Tuesday, 10 September 2019
Inspector-General of Live Animal Exports Bill 2019; Second Reading
I rise to make a contribution on the Inspector-General of Live Animal Exports Bill 2019, and I thank all senators who have spoken before me. This is an important bill for my home state of Western Australia, because it puts in place another one of the foundation stones, another one of the girders, that allow for this sustainable industry to continue and to keep on improving. As Senator Reynolds, who is in the chamber, knows only too well, this is a vital component of agriculture in our home state of Western Australia—particularly the sheep industry, although the cattle industry also have live exports of their product from Western Australia. But it is a very significant part of our sheep industry in Western Australia.
I have risen to speak on this topic a number of times in this place, and I think in every contribution I have made the point that we do not just export animals; we export animal welfare standards. When we engage with our trading partners overseas through the live trade, we export our standards to those countries. That also has a downside. It means that, when we withdraw from a market, when we are not able to fulfil a particular market opportunity, the live exports come from elsewhere—countries with standards that are not comparable. I will highlight that recently the extended northern summer ban meant that some 80,000 head of sheep from South Africa were transported into Kuwait. That's a wonderful opportunity for the South African farmers, but the fact is that South Africa do not impose on their agricultural industries the kinds of requirements that we impose on ours. They do not have the equivalent of the ESCAS, which means that, when we send our stock overseas, we are not just sending an animal; we are sending our animal welfare standards. This is something that everyone in Australia must know.
As I've said, we as a country, particularly in this area, lead the world in animal welfare standards. The ESCAS, the Exporter Supply Chain Assurance System, which is funded by Australian producers, ensures that Australian standards for animal welfare and animal treatment are adhered to right up until slaughter. That means that all animals that go through an ESCAS certified facility in a foreign country actually benefit from those improved animal welfare standards that Australia has developed and helped other countries adopt.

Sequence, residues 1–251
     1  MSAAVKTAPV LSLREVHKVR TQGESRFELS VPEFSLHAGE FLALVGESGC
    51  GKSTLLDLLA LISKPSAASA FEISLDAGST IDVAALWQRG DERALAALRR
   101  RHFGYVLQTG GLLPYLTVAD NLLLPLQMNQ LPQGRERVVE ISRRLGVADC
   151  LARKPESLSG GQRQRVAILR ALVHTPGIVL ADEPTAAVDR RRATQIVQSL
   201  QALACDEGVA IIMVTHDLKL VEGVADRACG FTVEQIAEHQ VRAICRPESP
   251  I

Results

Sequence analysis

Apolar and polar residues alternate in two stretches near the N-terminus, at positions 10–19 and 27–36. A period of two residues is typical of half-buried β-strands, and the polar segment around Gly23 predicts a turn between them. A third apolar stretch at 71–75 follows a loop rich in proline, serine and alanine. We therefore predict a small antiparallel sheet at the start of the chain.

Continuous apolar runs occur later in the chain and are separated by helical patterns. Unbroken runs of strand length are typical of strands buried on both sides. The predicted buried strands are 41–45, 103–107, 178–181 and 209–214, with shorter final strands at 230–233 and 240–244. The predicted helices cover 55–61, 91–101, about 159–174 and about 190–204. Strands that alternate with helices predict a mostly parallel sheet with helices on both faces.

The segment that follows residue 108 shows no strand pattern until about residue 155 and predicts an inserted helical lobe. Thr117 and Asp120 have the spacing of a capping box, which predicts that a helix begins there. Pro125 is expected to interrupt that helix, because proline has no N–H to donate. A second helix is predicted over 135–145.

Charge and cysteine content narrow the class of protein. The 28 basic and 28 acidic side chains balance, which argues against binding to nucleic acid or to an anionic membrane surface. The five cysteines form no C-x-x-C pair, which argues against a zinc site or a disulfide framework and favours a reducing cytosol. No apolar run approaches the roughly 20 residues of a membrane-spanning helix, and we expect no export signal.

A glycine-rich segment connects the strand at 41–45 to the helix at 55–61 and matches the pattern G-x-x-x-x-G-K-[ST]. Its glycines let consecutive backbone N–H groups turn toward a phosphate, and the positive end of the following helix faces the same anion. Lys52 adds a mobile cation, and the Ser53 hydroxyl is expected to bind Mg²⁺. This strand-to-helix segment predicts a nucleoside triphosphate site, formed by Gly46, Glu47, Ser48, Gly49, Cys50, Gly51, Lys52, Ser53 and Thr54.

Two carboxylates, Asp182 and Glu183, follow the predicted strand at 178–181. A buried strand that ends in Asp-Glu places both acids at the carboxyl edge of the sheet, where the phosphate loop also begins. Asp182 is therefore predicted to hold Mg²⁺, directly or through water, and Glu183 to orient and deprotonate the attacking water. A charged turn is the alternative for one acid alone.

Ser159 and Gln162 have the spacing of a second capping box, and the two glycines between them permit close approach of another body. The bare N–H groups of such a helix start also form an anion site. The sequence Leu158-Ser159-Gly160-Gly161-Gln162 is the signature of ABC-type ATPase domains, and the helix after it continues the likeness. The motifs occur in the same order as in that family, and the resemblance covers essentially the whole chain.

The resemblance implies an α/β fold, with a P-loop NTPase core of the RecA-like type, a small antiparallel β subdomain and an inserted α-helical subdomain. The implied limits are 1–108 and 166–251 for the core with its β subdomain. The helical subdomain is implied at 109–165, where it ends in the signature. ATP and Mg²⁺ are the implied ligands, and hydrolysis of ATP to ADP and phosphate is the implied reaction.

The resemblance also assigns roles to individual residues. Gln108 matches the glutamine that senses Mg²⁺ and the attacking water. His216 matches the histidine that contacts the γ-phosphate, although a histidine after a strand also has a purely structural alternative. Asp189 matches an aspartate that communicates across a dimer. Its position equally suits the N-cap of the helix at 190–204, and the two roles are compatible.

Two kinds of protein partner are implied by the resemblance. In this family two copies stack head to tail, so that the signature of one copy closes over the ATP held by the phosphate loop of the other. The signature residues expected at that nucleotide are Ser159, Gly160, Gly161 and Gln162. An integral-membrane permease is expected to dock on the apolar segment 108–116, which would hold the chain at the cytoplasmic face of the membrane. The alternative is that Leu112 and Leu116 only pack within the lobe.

Can the industry get better, and has it got better? Absolutely. We have seen, since the resumption of the trade, some rather outstanding results in animal welfare, with very low rates of mortality. These are rates of mortality that farmers would be very happy to have in their paddocks. We have seen that, by the trade embracing things such as reduced stocking density, improved reporting requirements, improved standards for the vessels and the three-month self-imposed moratorium on shipments to the Middle East during the Northern Hemisphere summer, all these things are coming together and ensuring a sustainable, high-quality industry continues long into the future.
There is an economic component to this. Of course there is. The live export trade was worth around $500 million to the Western Australian economy and $1.7 billion to the national economy in 2017-18. It supports around 10,000 jobs. Around 6,000 of those are in my home state of WA. With 6,000 jobs, particularly in the rural and regional area of Western Australia, it's a very significant employer.
Now is a critical time. It is a critical time for us. It is a critical time for our trading partners. Our trading partners want to know that our industry in Western Australia and the rest of Australia can supply their needs on a regular basis to their requirements and to continue a very long-established trade. So, as I've said, this is one of the foundation stones. This is one of the building blocks upon which a highly sustainable industry can continue to exist and, in fact, can continue to improve.